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Central Federal (NASDAQ:CFBK) shares have retraced a considerable in the last month. But there's still good reason for shareholders to be content; the stock has gained 5.9% in the last 90 days. The stock has been solid, longer term, gaining 11% in the last year.
All else being equal, a sharp share price increase should make a stock less attractive to potential investors. In the long term, share prices tend to follow earnings per share, but in the short term prices bounce around in response to short term factors (which are not always obvious). So some would prefer to hold off buying when there is a lot of optimism towards a stock. One way to gauge market expectations of a stock is to look at its Price to Earnings Ratio (PE Ratio). A high P/E implies that investors have high expectations of what a company can achieve compared to a company with a low P/E ratio.
Does Central Federal Have A Relatively High Or Low P/E For Its Industry?
Central Federal's P/E of 7.53 indicates relatively low sentiment towards the stock. If you look at the image below, you can see Central Federal has a lower P/E than the average (13.7) in the mortgage industry classification.
Central Federal's P/E tells us that market participants think it will not fare as well as its peers in the same industry. Many investors like to buy stocks when the market is pessimistic about their prospects. You should delve deeper. I like to check if company insiders have been buying or selling.
How Growth Rates Impact P/E Ratios
Probably the most important factor in determining what P/E a company trades on is the earnings growth. If earnings are growing quickly, then the 'E' in the equation will increase faster than it would otherwise. That means unless the share price increases, the P/E will reduce in a few years. A lower P/E should indicate the stock is cheap relative to others -- and that may attract buyers.
Central Federal's 205% EPS improvement over the last year was like bamboo growth after rain; rapid and impressive. The cherry on top is that the five year growth rate was an impressive 47% per year. With that kind of growth rate we would generally expect a high P/E ratio.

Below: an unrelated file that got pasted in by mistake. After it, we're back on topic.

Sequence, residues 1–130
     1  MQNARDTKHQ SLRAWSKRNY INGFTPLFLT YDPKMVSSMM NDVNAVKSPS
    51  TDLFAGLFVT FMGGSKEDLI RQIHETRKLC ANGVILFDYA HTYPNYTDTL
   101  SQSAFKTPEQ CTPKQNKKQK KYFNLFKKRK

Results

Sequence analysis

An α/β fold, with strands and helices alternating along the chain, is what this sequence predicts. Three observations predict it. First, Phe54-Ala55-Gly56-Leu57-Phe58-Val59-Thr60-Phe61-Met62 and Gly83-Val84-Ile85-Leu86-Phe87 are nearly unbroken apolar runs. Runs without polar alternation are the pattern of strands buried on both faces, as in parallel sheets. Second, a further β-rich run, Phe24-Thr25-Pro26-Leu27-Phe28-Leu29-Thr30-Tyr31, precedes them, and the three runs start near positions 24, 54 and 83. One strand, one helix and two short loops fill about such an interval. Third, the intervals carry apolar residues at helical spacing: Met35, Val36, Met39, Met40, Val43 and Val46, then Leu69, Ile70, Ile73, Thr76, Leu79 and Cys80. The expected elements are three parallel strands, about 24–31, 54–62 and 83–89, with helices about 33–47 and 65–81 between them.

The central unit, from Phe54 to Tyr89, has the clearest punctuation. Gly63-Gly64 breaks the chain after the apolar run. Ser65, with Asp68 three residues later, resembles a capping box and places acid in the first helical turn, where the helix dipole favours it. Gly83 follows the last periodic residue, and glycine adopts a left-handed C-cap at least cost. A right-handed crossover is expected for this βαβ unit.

Don't Forget: The P/E Does Not Account For Debt or Bank Deposits
One drawback of using a P/E ratio is that it considers market capitalization, but not the balance sheet. So it won't reflect the advantage of cash, or disadvantage of debt. The exact same company would hypothetically deserve a higher P/E ratio if it had a strong balance sheet, than if it had a weak one with lots of debt, because a cashed up company can spend on growth.
Such expenditure might be good or bad, in the long term, but the point here is that the balance sheet is not reflected by this ratio.
Central Federal's Balance Sheet
Since Central Federal holds net cash of US$3.2m, it can spend on growth, justifying a higher P/E ratio than otherwise.
The Bottom Line On Central Federal's P/E Ratio
Central Federal has a P/E of 7.5. That's below the average in the US market, which is 18.0. Not only should the net cash position reduce risk, but the recent growth has been impressive. The relatively low P/E ratio implies the market is pessimistic. What can be absolutely certain is that the market has become more pessimistic about Central Federal over the last month, with the P/E ratio falling from 7.5 back then to 7.5 today. For those who prefer to invest with the flow of momentum, that might be a bad sign, but for deep value investors this stock might justify some research.
When the market is wrong about a stock, it gives savvy investors an opportunity. If the reality for a company is not as bad as the P/E ratio indicates, then the share price should increase as the market realizes this. We don't have analyst forecasts, but shareholders might want to examine this detailed historical graph of earnings, revenue and cash flow.
Of course you might be able to find a better stock than Central Federal. So you may wish to see this free collection of other companies that have grown earnings strongly.
If you spot an error that warrants correction, please contact the editor at email@example.com. This article by Simply Wall St is general in nature. It does not constitute a recommendation to buy or sell any stock, and does not take account of your objectives, or your financial situation. Simply Wall St has no position in the stocks mentioned.
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